Ron Paul Classic: No mandatory mental health screening

A popular trick of politicians who wish to placate both sides of the gun debate is to introduce legislation aimed at keeping guns out of the hands of those with "mental health" problems. For example, Texas Senator John Cornyn has introduced legislation creating a new federal grant program for states to share the names of people  with "serious" mental health problems with the national background check system.

This proposal could result in someone who has a serious, but temporary, struggle with depression being permanently deprived of their  second amendment rights.

Restricting the second amendment rights of those diagnosed with "mental health" problems could effect those who support individual liberty and limited constitutional government. Some mental health professionals have claimed that support for free-markets and limited government is a sign of mental illness--meaning most of the readers of this blog suffer from mental illnesses.

Libertarian psychiatrist Thomas Szasz famously pointed out that diagnoses of mental health can be quite subjective and thus are oftentimes used to deprive individuals of their liberties for engaging in "eccentric" behavior.

Those improperly diagnosed with  mental health problems are oftentimes prescribed  potentially dangerous psychotropic drugs. The overuse of psychotropic drugs like Ritalin is a serious problem in our nation's schools. Some children have actually been given drugs such as Ritalin against their parent's wishes.

President Bush's misnamed "New Freedom  Commission" on mental health recommended the government force all school children to undergo mandatory mental health screening. Campaign for Liberty Chairman Ron Paul led the fight against this proposal when he was in Congress. While the Commission's recommendation has not yet been implemented,there are still pushes for mandatory screening.

Just this year Texas Representative Jason Villalba introduced legislation giving Texas teachers the authority to force students suspected of having mental health problems to undergo mandatory mental health screenings. Fortunately, the Texas State Legislature did not consider this proposal.

Interestingly, Representative Villalba is also a promoter of mandatory vaccinations and even  introduced legislation making it a crime for citizens to film incidents of police misconduct.

Here and below is Dr. Paul's official statement on the Parental Consent Act, legislation forbidding the use of federal funds for mandatory mental health screenings conducted  without parental consent:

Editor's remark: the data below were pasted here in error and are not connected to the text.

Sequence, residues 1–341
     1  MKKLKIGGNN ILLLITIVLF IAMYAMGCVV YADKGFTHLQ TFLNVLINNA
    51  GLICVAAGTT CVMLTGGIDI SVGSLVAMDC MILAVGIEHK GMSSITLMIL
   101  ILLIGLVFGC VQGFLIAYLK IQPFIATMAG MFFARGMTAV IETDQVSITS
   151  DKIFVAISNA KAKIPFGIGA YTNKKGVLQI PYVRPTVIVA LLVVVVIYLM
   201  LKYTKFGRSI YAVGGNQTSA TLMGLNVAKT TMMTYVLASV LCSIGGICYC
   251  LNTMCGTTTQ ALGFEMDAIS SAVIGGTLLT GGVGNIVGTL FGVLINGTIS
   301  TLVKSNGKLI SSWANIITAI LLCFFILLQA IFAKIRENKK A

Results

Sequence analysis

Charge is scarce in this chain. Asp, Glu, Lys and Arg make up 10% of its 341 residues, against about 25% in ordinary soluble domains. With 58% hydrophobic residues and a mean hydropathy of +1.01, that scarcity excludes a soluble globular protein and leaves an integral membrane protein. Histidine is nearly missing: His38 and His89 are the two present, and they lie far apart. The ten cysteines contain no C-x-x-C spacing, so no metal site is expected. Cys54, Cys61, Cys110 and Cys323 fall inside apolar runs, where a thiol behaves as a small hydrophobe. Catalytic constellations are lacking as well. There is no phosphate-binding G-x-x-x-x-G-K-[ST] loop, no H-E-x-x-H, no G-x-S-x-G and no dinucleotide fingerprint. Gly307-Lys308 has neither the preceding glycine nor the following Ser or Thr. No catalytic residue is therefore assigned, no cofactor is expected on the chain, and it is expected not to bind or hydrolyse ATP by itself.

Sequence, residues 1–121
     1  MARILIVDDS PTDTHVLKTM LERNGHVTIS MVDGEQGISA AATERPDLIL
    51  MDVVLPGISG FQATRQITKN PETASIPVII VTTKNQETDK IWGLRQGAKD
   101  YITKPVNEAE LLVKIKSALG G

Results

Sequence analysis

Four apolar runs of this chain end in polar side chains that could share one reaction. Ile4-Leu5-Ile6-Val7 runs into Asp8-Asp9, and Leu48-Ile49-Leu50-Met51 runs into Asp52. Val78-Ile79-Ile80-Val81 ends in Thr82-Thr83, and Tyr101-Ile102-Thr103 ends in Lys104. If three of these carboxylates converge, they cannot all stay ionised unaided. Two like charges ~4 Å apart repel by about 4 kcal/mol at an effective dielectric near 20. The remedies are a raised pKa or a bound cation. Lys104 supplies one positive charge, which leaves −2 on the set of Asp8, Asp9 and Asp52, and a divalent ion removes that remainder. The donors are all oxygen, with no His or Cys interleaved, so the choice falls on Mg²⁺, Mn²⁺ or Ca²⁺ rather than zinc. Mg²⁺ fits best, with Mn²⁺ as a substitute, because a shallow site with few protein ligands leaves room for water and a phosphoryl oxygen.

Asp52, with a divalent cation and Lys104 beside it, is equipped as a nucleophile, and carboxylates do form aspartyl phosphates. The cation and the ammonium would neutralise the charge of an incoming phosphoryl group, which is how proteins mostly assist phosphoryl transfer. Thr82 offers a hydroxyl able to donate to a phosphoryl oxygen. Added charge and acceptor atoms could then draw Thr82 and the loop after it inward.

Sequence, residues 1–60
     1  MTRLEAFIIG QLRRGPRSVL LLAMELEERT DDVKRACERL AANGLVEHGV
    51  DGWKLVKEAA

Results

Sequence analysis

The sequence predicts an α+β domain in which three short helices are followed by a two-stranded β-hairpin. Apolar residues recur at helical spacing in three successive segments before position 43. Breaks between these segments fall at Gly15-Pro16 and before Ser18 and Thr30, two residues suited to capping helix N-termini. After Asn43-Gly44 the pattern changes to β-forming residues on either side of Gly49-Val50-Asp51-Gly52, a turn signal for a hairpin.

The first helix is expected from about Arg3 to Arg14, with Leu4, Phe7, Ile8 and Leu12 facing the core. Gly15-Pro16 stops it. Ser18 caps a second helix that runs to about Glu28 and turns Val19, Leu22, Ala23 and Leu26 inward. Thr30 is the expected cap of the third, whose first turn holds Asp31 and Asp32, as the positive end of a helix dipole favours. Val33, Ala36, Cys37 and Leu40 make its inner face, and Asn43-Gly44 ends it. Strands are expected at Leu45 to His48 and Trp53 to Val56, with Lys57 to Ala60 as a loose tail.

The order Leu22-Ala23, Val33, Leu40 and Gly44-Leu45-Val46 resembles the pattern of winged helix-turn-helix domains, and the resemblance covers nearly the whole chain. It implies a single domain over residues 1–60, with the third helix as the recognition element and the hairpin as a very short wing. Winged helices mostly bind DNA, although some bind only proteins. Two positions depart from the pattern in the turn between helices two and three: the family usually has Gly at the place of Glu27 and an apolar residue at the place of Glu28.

HON. RON PAUL

                                of texas

                    in the house of representatives

                         Monday, August 1, 2011

  Mr. PAUL. Mr. Speaker, I rise to introduce the Parental Consent Act. 
This bill forbids federal funds from being used for any universal or 
mandatory mental-health screening of students without the express, 
written, voluntary, informed consent of their parents or legal 
guardians. This bill protects the fundamental right of parents to 
direct and control the upbringing and education of their children.
  The New Freedom Commission on Mental Health has recommended that the 
federal and state governments work toward the implementation of a 
comprehensive system of mental-health screening for all Americans. The 
commission recommends that universal or mandatory mental-health 
screening first be implemented in public schools as a prelude to 
expanding it to the general public. However, neither the commission's 
report nor any related mental-health screening proposal requires 
parental consent before a child is subjected to mental-health 
screening. Federally-funded universal or mandatory mental-health 
screening in schools without parental consent could lead to labeling 
more children as ``ADD'' or ``hyperactive'' and thus force more 
children to take psychotropic drugs, such as Ritalin, against their 
parents' wishes.
  Already, too many children are suffering from being prescribed 
psychotropic drugs for nothing more than children's typical 
rambunctious behavior. According to the article ``Better but Not Best: 
Recent Trends in the Well-Bering of The Mentally Ill'' (Health Affairs, 
May/June 2009) in 2006 more than one in 20 children were prescribed 
medications for mental-health conditions!


  Many children have suffered harmful side effects from using 
psychotropic drugs. Some of the possible side effects include mania, 
violence, dependence, and weight gain. Yet, parents are already being 
threatened with child abuse charges if they resist efforts to drug